News

Tuesday, February 7, 2017

CULVER CITY, Calif. (KGO) --

Netflix and other streaming video services could end up being taxed, but a state assemblyman has a bill that will stop that.

The bill would prevent utility taxes on streaming media companies for the next five years.

Friday, February 3, 2017

Multiple California cities began exploring whether to tax consumers for watching Netflix and other streaming video services last year, and now a Los Angeles lawmaker wants to ban the idea.

Assemblyman Sebastian Ridley-Thomas, a Democrat, has introduced Assembly Bill 252, which would prohibit cities from implementing so-called “Netflix taxes.” Pasadena and other cities have been weighing whether to extend existing taxes on cable-television subscribers to those who used video-streaming services.

Tuesday, January 24, 2017

Gov. Jerry Brown predicted last fall that new legislation and administrative actions essential to preserving the state's ambitious climate strategy would give him leverage to negotiate a cap-and-trade extension.

"They're going to get commands to do things," Brown said, directing his remarks at the state's powerful business interests, "and they're going to plead for a market system called cap and trade so they can respond in a way that's more beneficial to their bottom line."

Now, the Democratic governor is urging lawmakers to renew the cap-and-trade program amid signs his forecast was prophetic. Soon after Brown released his proposal this month, the Western States Petroleum Association indicated that the oil industry prefers the flexibility of a market mechanism to more burdensome policies also being contemplated to reduce greenhouse gases.

Wednesday, January 18, 2017

California legislative leaders announced they will defend the state’s diversity, science and economic accomplishments after Donald Trump’s presidential election victory.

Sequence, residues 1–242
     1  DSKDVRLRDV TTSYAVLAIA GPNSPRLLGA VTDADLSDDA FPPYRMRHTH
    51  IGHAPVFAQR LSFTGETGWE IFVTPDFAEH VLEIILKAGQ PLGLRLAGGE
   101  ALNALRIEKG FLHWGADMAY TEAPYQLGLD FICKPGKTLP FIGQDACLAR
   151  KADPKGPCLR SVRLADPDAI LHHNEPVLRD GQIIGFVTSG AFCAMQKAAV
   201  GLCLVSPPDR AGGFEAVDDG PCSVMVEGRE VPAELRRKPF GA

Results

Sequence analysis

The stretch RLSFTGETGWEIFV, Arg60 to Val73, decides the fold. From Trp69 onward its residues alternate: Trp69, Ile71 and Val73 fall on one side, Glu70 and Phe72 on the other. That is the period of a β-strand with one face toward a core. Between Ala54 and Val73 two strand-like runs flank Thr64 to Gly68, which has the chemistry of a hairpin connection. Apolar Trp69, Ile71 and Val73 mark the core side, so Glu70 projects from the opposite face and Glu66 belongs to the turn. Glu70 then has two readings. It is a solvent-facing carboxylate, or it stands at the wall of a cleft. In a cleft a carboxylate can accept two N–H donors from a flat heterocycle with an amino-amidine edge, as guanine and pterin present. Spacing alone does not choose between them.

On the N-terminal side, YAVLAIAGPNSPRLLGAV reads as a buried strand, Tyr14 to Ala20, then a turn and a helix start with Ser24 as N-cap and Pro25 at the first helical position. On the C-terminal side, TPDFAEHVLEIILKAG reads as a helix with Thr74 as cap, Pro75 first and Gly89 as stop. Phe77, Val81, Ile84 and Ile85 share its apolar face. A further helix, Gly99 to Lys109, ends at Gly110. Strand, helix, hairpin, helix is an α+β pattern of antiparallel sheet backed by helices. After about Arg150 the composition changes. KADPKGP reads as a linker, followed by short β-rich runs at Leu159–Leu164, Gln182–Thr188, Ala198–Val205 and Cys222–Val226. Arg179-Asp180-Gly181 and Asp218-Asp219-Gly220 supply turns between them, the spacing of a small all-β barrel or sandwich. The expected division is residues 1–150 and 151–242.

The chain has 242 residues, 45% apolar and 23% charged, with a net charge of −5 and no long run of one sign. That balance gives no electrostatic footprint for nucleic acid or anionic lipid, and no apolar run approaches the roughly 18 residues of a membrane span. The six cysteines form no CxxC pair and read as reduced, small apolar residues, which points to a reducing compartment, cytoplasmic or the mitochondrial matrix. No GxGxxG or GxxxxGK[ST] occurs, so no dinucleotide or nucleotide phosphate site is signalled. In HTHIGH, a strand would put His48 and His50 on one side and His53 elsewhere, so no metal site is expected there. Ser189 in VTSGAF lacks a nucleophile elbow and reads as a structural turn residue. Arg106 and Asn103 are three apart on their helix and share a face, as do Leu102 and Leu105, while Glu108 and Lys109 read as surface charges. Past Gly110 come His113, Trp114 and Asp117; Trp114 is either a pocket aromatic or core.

Senate President pro Tempore Kevin de Leon and Assembly Speaker Anthony Rendon called California a refuge of justice and opportunity for all people and an example for other states to follow.

Monday, January 16, 2017

More than 200,000 people were expected to line Martin Luther King Jr. Boulevard Monday for the Kingdom Day Parade in honor of the civil rights leader.

Rep. Maxine Waters, D-Los Angeles, served as grand marshal for the 32nd annual Kingdom Day Parade. Waters' House colleagues were set to join her in the parade include Reps. Karen Bass, D-Los Angeles, and Nanette Barragan, D-San Pedro, according to organizers.

Wednesday, January 11, 2017

Coming off a resounding reelection victory, 54th Assemblymember Sebastian Ridley-Thomas kicked off the New Year with renewed energy and dedicated focus. Committed to delivering results, Assemblymember Ridley-Thomas plans to put forward a comprehensive legislative package that will ensure all residents of the 54th Assembly District have the tools, resources and level playing field needed to compete in California’s changing economy.

Monday, April 4, 2016

When President Franklin Roosevelt brought the federal minimum wage into its infancy, California's had already graduated from college and was in the workforce. It was a new deal for the American people, but less so for Californians who enjoyed the benefits of a wage floor enacted twenty-two years prior.

This year marks the Centennial of California's minimum wage, which at the time assured that workers would be paid at least 16 cents for every hour of labor. It was a landmark guarantee from government to working class people—wage levels were formally recognized as a concern for state economic growth.